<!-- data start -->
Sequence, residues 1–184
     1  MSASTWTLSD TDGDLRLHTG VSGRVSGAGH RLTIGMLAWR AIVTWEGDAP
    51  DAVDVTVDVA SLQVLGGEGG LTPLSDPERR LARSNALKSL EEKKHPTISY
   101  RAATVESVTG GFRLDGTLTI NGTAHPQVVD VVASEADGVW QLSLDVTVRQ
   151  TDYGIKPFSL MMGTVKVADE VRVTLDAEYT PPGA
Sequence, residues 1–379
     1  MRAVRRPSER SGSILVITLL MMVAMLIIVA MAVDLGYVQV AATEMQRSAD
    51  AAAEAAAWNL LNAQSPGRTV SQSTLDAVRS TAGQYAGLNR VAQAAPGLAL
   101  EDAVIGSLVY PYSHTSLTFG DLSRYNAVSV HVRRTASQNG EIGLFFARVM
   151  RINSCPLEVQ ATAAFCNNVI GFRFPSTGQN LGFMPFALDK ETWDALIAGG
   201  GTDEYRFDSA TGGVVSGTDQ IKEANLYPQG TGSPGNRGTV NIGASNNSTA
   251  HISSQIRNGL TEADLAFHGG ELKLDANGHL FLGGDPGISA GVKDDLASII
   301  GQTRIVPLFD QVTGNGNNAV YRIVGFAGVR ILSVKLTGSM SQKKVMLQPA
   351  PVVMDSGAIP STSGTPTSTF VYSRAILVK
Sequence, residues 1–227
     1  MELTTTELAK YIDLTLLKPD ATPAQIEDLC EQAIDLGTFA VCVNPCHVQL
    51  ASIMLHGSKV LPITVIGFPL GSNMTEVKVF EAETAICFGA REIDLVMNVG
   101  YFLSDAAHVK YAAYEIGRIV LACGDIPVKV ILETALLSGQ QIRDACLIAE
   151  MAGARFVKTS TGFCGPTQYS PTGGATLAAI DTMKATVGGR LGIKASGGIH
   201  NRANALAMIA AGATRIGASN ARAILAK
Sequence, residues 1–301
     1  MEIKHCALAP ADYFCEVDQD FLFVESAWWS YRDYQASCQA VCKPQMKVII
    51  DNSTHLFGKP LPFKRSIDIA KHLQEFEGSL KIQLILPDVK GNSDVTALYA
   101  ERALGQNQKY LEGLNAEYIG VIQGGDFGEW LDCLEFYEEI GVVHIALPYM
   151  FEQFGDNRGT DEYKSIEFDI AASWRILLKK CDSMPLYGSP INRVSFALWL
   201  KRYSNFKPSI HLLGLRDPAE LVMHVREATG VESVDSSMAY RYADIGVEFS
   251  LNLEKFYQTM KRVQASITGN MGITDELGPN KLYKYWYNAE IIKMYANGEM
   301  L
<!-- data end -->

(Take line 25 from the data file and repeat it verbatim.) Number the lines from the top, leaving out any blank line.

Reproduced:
   151  FEQFGDNRGT DEYKSIEFDI AASWRILLKK CDSMPLYGSP INRVSFALWL